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On July 18, 2002, about 1842 eastern daylight time, a Beech C24R, N18860, was destroyed during an in-flight break up and subsequent collision with terrain in Grindstone, Pennsylvania. The certificated commercial pilot and passenger were fatally injured. Instrument meteorological conditions prevailed and an instrument flight rules (IFR) flight plan had been filed for the flight that departed the Lawrence Municipal Airport (LWM), Lawrence, Massachusetts, and was destined for the Washington County Airport (AFJ), Washington, Pennsylvania. The personal flight was conducted under 14 CFR Part 91.
According to information received from the Federal Aviation Administration (FAA), at 1317, the pilot contacted the Bridgeport Automated Flight Service Station (AFSS), and received a weather briefing for the flight. Visual meteorological conditions were reported for the area around Pittsburgh, Pennsylvania; however, conditions were expected to deteriorate with thunderstorm activity forecasted about the pilot's estimated time of arrival at AFJ.
The pilot departed LWM about 1450. At 1800, air traffic control (ATC) provided the pilot with advisory information regarding convective Significant Meteorological Advisories (SIGMETs), and a Center Weather Advisory for widely scattered level three to five thunderstorms and isolated level six thunderstorms.
At 1828, the airplane was descending from 7,000 to 5,000 feet on an assigned heading of 265 degrees. Pittsburgh ATC then advised the pilot of "...some level five weather at your uh twelve o’clock and five miles..." The pilot acknowledged, and reported observing lightning ahead. At 1832, the pilot asked if his position was far enough south to turn towards AFJ without going through the weather and ATC advised the pilot that a right turn direct to AFJ would position the airplane about 2 miles south of the weather. The pilot then indicated he was turning toward AFJ. At 1834:37, the pilot stated "we hit some severe turbulence" and deviated to the south.
At 1838:39, the controller advised, "it looks like you can uh I don't know if your gonna get to uh washington before the weather hits but for now a heading of two eight zero should keep you clear of all the weather i'm showing." The pilot acknowledged and reported he was deviating south again because "we hit another patch of severe turbulence." There were no further radio communications from the pilot.
Radar data indicated that the airplane continued on a westerly flight path for approximately 4 minutes. During that time, the airplane's altitude remained constant at 4,700 feet. At 1842:20, the airplane began a descending left turn. At 1842:25, radar data indicated the airplane was at 4,400 feet. The last radar target was observed 9 seconds later, at an altitude of 3,100 feet.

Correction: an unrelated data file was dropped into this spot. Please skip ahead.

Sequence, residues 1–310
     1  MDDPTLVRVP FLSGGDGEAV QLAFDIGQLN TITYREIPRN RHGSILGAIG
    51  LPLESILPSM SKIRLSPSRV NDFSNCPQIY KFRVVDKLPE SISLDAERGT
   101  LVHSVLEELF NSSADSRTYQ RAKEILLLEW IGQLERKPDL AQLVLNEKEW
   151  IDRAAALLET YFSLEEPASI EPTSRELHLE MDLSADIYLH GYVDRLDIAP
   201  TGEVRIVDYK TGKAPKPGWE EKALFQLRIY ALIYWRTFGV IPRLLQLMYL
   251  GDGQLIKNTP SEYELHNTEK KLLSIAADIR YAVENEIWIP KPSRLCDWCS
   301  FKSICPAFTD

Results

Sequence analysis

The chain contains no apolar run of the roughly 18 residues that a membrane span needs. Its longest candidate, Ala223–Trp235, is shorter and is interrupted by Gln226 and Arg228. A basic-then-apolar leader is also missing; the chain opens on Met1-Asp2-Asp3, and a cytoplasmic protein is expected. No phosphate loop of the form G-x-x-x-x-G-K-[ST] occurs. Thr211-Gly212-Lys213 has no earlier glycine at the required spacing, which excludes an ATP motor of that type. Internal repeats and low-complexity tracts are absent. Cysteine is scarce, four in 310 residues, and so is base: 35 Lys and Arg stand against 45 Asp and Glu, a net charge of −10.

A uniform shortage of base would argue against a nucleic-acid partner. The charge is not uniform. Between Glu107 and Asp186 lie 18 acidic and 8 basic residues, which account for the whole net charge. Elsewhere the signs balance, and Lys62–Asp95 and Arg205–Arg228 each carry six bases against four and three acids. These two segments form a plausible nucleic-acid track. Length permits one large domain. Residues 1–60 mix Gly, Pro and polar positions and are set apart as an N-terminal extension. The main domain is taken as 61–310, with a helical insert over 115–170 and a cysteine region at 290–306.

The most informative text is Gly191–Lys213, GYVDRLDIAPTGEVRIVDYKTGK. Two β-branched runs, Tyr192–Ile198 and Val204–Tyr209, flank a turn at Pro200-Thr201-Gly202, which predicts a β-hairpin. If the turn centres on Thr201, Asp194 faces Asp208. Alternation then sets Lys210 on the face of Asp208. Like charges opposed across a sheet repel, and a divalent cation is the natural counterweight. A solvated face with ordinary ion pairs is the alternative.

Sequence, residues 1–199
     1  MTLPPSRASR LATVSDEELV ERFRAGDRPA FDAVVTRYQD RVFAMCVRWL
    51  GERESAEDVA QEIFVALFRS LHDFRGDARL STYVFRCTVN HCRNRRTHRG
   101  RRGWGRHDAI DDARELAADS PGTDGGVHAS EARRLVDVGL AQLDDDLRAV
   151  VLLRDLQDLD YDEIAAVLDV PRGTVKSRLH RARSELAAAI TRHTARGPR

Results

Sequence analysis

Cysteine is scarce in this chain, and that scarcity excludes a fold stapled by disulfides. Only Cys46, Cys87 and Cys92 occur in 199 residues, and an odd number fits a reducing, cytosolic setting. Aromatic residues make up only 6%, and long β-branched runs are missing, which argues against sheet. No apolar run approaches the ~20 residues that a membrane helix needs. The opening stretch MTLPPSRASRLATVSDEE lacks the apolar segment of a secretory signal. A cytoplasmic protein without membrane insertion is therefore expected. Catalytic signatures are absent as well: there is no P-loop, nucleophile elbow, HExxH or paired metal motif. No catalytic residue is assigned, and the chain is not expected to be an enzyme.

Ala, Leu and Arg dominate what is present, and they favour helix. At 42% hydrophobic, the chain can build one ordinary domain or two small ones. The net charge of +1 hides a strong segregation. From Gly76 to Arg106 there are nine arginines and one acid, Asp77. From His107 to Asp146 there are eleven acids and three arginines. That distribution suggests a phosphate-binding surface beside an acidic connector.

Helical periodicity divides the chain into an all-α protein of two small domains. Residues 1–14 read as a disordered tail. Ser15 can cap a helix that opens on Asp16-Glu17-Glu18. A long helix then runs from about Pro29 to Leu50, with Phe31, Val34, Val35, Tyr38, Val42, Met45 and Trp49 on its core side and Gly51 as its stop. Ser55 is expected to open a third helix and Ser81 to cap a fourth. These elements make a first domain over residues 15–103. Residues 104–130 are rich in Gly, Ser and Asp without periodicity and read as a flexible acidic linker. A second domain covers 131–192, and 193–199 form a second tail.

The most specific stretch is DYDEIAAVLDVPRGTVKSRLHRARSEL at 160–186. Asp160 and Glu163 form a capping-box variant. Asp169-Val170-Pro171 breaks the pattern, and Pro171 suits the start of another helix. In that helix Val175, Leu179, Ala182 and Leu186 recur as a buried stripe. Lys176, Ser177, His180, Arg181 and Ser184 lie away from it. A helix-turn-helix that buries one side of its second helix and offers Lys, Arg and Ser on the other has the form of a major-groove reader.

A witness who lived less than 1/4 mile from the accident site stated he was in his driveway when he heard the sound of an airplane engine, he described as "revving up." When he looked up he saw "lots of parts falling from the clouds." The engine noise continued for 3 to 5 seconds and he then heard a loud "thud." The witness further described the engine noise as "running pretty smooth." He also stated he observed "really black clouds" in the area; however, he did not see any lightning or hear any thunder.
Another witness who lived less than a 1/4 mile from the accident site stated she heard the sound of an airplane in the distance that was "getting closer at a rapid speed." She went outside and observed an airplane nose down descending toward the trees. She further said "it looked like [the airplane] pulled back up, skidded off the tree tops, and pieces started falling off it." She said the airplane's left wing was missing and she was not certain if the right wing was still present. The airplane then descended nose down, behind trees.
The accident occurred during the hours of daylight approximately 40 degrees, 2 minutes north latitude, and 79 degrees, 48 minutes west longitude.
The pilot held a commercial pilot certificate with a single and multiengine land airplane rating. He was also instrument rated. In addition, the pilot held a certified flight instructor certificate with instrument, single and multiengine airplane privileges.
Review of the pilot's logbook revealed he had accumulated approximately 4,312 hours of total flight experience, which included about 4,150 hours in single engine airplanes. He had logged approximately 243 and 217 hours of flight experience as actual and simulated instrument flight time, respectively.
The pilot's most recent biannual flight review was on May 20, 2002. He was an active flight instructor and had logged about 165 hours of total flight experience during the 12 months preceding the accident, which included about 10 hours logged as actual or simulated instrument flight experience.
The pilot's most recent FAA second class medical certificate was issued on January 11, 2002.
Review of maintenance records revealed the airplane had been operated for about 60 hours since its most recent annual inspection, which was performed on May 10, 2002. The airplane's most recent pitot static system check was performed on June 27, 2001.
The airplane was owned and operated by a local flying club. It was flown the day prior to the accident on a 2.3 hour IFR training flight. According to the pilot of that flight, the flight was conducted in visual flight rules and he did not experience or note any mechanical problems with airplane.